Lucky Few is one of the most entertaining and huggable YA contemporary novels I have ever read! You will definitely fall in love with it from page one! From the author’s mastering of making the narrator’s voice unique (which Ormsbee also does in her newest book Tash Hearts Tolstoy) to the main characters’ fun friendship, Lucky Few infuses both the light and dark moments all friendships go through as Stevie, Sanger, and Max not only get closer to each other but also discover more about their identities. I will definitely be looking forward to more of Kathryn Ormsbee’s works! Her writing style is entertaining, unique, and amazing–which also describes her books.


About the Author17757389_1897609900518878_42671521515359918_n

Kathryn Ormsbee writes books & songs in Nashville, TN. Her debut YA, LUCKY FEW, published June 2016 with Simon & Schuster. Her next YA, TASH HEARTS TOLSTOY, comes out June 6, 2017.

Kathryn also writes Middle Grade fantasy novels as K.E. Ormsbee. She is the author of THE WATER AND THE WILD series and the upcoming standalone THE HOUSE IN POPLAR WOOD (Chronicle Books, 2018).

In her wild, early years, Kathryn taught English as a Foreign Language, interned with a film society, and did a lot of irresponsible road tripping. Nowadays, she teaches piano lessons, records a weekly true crime podcast with her sister, and runs races she never wins. She likes clothes from the 60s, music from the 70s, and movies from the 80s. She is from the 90s. You can visit her online at keormsbee.com or follow her on Twitter & Instagram @kathsby.

WebsiteTwitter | Instagram | Goodreads


Happy Reading!

+ J.M.J.

~ Kester

Have you read Lucky Few or any of Kathryn’s books? Do you love YA contemporary?

Comment below, or find me in one of my social media pages, and let’s chat!

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Exclusive Interview with Monika Schröder

Guten tag! (“Good day!” in German) It’s Kester again with another interview with another amazing author. A few weeks ago, I finished a book that has a special place in my heart: Be Light Like a Bird by Monika Schröder. I had the great honor of meeting her at the SE-YA Book Festival earlier in March, and I had so much fun talking to her! I am so glad I got to interview her, and I hope you enjoy!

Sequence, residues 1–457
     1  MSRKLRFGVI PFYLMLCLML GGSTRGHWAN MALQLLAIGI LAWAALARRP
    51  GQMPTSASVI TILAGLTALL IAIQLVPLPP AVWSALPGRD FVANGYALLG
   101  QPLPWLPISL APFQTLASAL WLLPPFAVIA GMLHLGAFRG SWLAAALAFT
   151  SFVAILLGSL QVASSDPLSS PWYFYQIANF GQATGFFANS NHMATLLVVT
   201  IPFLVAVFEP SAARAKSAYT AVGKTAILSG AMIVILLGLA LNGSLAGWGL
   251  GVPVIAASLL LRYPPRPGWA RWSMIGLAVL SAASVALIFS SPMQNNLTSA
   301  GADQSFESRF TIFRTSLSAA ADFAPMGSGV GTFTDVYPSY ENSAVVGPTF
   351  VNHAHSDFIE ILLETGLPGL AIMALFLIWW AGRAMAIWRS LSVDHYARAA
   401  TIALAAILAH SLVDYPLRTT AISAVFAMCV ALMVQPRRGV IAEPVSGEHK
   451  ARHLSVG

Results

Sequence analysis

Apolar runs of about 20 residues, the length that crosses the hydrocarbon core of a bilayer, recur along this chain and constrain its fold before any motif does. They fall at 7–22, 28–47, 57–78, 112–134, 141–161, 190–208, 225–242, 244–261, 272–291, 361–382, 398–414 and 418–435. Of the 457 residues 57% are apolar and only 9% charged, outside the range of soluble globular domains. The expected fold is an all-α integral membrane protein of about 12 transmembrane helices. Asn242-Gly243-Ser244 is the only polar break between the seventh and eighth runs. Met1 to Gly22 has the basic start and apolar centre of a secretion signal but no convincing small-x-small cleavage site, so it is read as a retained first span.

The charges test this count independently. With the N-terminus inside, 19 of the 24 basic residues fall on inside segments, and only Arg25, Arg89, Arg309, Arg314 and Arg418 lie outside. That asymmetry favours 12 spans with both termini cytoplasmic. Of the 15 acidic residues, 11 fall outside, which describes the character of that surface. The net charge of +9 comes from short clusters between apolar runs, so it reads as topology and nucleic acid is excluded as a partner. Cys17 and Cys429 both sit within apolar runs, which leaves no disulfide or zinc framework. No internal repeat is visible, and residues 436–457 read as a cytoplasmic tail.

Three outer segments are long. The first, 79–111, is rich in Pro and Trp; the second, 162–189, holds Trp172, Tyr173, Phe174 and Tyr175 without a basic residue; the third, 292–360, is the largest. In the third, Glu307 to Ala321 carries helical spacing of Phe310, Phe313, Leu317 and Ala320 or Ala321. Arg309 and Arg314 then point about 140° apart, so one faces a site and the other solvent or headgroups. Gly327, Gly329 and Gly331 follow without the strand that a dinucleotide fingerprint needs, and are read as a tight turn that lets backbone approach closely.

Monika

1. How would you describe your book Be Light Like a Bird in your own words? 

BE LIGHT LIKE A BIRD is the story of 12-year old Wren who looses her father in a planecrash. It is a story of a girl who learns to trust who she is and, while coping with her grief, also bonds in a new and unexpected way with her mother.

2. How did the story come about?BeLightLikeaBird

I often start a book with setting. The ‘seed idea’ for Be Light Like a Bird came to me the first time I saw a landfill. My husband and I had cleaned out the cabin my husband inherited from his father in Michigan’s Upper Peninsula. I couldn’t believe it when he drove all the stuff to a landfill nearby, a big hole where people bury unwanted items. In Germany we recycle or incinerate most of our garbage, so it left an impression on me when I saw a guy dropping a vacuum cleaner, a book shelf and an entire carpet into the landfill…a cemetery for junk. I learned more about this landfill and read about the people in the community who had fought its expansion. Then I asked myself a “What if…?” question: What if there were a girl who loved birds and whose bird watching was threatened by the expansion of the landfill? Once I had that girl in my mind, I found myself asking more and more about her life. How did she get to Michigan’s Upper Peninsula? And why was birding so important to her? I learned that her father had recently died and that her mother had more or less dragged her up north. She was grieving and lonely and once she arrived in Upper Michigan she came up with a plan to make her mother stay. From there the story of Wren developed.

Continue reading “Exclusive Interview with Monika Schröder”